Bianca Olthoff- Not recommended. Bianca works as “Chief Storyteller” for the A21 Campaign, false teacher Christine Caine’s human trafficking organization. A perusal of her calendar page shows her speaking at Pray, Love, Lead at Saddleback (Rick Warren’s “church”), IF Gathering, Thrive (Lysa TerKeurst & Ann Voskamp), Bethel- Redding, Elevation (Steven Furtick), and numerous other conferences with false teachers and female “pastors,” at least one of which is being held at a “church” pastored by a woman. Bianca believes she receives extra-biblical revelation from God about people at her conferences needing healing. She also has several Sunday speaking engagements at churches, some of which, undoubtedly, will have her preaching to men. (This video indicates she is preaching the Sunday sermon, which means she’s preaching to men, and here she admits to teaching God’s word to men.)

Wellspring Group- Not enough online information for a recommendation or warning. Wellspring Group is a parachurch workshop ministry. According to their website, “We long to see lives, marriages, families and churches transformed so broadly and radically that it actually changes the leadership culture of the church, both here in North America and also around the world. We dream of… Overflowing Transformation.” I did not see anything overtly unbiblical on Wellspring’s web site, and many of their objectives and descriptions of their teachings sound biblical and gospel-centered. I did not discover any ties between Wellspring and known false teachers. However, I did note several red flag-raising buzzwords on the site which gave me pause.

One of these buzzwords was “spiritual formation.” Some churches and ministries innocently, and ignorantly, use the term “spiritual formation” as a trendy new synonym for the word “discipleship,” and their “spiritual formation” classes are just as doctrinally sound as if they called them “discipleship” classes. If this is the way in which Wellspring is using the term, that’s not a problem, other than the confusion it causes. The confusion comes in because of the unbiblical spiritual formation movement, which centers around mysticism, works righteousness, contemplative prayer, and other unbiblical doctrines and practices. If Wellspring incorporates these things into its workshops, I definitely do not recommend it.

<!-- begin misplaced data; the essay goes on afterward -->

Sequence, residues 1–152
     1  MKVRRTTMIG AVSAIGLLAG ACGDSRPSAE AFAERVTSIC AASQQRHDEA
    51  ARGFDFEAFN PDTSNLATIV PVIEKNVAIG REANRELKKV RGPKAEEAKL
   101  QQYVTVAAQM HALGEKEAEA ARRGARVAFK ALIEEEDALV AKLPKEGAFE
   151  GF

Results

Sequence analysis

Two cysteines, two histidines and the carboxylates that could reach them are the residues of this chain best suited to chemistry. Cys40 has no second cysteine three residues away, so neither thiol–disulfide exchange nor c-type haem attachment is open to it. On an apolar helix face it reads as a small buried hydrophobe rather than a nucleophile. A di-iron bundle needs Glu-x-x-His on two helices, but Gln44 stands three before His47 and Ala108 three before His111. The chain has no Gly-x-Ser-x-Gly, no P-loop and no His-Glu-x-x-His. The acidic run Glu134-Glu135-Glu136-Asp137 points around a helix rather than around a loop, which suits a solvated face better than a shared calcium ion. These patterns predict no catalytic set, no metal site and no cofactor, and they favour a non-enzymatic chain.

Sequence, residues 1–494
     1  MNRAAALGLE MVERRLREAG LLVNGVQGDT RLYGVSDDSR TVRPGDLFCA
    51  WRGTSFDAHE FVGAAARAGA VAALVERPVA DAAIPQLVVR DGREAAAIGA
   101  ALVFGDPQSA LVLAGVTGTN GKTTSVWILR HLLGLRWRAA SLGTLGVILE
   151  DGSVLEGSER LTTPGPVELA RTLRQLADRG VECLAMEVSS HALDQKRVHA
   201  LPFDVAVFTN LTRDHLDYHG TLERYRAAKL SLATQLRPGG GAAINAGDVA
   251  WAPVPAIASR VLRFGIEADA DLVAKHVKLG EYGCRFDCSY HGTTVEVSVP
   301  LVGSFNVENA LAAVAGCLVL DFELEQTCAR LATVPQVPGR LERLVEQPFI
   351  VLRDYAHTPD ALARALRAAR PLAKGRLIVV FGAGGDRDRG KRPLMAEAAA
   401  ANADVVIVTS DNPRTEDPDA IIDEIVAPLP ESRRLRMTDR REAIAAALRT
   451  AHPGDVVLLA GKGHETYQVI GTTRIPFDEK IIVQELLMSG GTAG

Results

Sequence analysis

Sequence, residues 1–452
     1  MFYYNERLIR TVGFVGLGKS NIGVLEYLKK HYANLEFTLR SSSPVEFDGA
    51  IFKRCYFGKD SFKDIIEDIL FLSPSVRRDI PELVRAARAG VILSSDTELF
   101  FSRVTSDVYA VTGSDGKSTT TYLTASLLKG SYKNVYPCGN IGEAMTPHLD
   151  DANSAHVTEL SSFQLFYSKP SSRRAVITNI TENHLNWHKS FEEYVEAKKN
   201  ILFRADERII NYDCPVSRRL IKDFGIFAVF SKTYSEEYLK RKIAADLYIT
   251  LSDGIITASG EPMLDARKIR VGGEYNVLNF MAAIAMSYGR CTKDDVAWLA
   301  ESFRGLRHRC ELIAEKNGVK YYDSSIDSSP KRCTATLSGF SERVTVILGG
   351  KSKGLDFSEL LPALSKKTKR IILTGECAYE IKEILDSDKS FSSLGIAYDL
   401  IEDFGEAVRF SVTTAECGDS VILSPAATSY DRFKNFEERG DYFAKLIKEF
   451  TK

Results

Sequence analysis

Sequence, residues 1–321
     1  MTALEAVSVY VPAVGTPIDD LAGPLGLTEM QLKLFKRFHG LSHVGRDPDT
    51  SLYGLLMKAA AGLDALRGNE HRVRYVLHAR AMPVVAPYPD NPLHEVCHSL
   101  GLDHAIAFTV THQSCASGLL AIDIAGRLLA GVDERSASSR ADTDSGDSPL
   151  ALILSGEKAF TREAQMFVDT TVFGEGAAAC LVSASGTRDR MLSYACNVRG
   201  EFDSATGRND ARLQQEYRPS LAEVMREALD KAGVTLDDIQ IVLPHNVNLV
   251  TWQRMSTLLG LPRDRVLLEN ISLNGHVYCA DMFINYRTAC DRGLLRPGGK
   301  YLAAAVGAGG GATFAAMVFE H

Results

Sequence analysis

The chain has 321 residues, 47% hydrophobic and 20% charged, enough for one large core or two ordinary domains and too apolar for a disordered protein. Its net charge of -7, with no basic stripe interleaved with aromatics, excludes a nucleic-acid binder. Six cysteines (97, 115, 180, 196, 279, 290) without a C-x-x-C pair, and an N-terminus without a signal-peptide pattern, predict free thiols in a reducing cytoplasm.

If you have the opportunity to attend a Wellspring workshop, I would urge you to proceed with caution and – as with any other Christian event or teacher – be a good Berean and compare everything you hear to Scripture.

Update: After reading this article, one of my readers who has personal experience with Wellspring Group wrote in and shared her thoughts. If everything she says is accurate, I certainly would never recommend Wellspring Group. You can read her review of the program here.

Jen Wilkin- Cautiously partially recommended. Jen is a women’s Bible study author, blogger, and conference speaker, and is on staff on the executive team of The Village Church. To my knowledge all of Jen’s books and Bible study materials are doctrinally sound (though I have not personally read any of them), but I have some concerns about her in other areas. That said, I definitely do not consider Jen to be a false teacher. I’ve published a review of Jen’s book, Women of the Wordand here is a reader’s take on her book 1 Peter: A Living Hope in Christ:

“…in the foreword Jen wrote, ‘a paraphrase, such as the NLT or The Message, can be useful but should be regarded as a commentary rather than a translation.’ However, aside from that, I have found no other problems with the book at all. It is an eight week long study of 1 Peter based on the method of Bible study that she writes about in Women of the Word. My favorite thing about this study is that it causes us to focus on what the text is telling us about God. I love how Jen Wilkin is teaching women to study the Bible properly. I wish she would be more discerning about who and what she endorses though. There are so few women who bring us solid teaching and discernment.”

I’ve heard several positive reviews of Jen’s books from other trusted and discerning friends as well.

I’ve looked through all of Jen’s speaking engagements listed for spring 2018. All appear to be women’s conferences or events, and her speaking engagement request form says she is a “teacher who helps women…”. None of the events listed on her blog have her appearing with any false teachers, but she is scheduled to speak at the Abundance conference in November 2018 alongside Lisa Harper, Rachael Myers, and Amanda Bible Williams. Which leads into to my concerns about Jen.

In addition to the sharing the stage with these problematic teachers, I’m concerned about some connections Jen has with Beth Moore and other false teachers. In 2013, Jen wrote a blog post entitled, The Next Beth Moore in which she spoke glowingly of Beth, her teaching, and one of her books. She has also had a couple of friendly interactions with Beth on Twitter. Jen has appeared on the IF: Gathering podcast with Jennie Allen (to discuss and promote Women of the Word). She wrote a devotional for Lysa TerKeurst’s Proverbs 31 blog. I want to stress that these things have been few and far between, and it is possible, to some degree, that Jen isn’t aware of the doctrinal problems with these women or that she simply made a few unwise associations as we all do from time to time.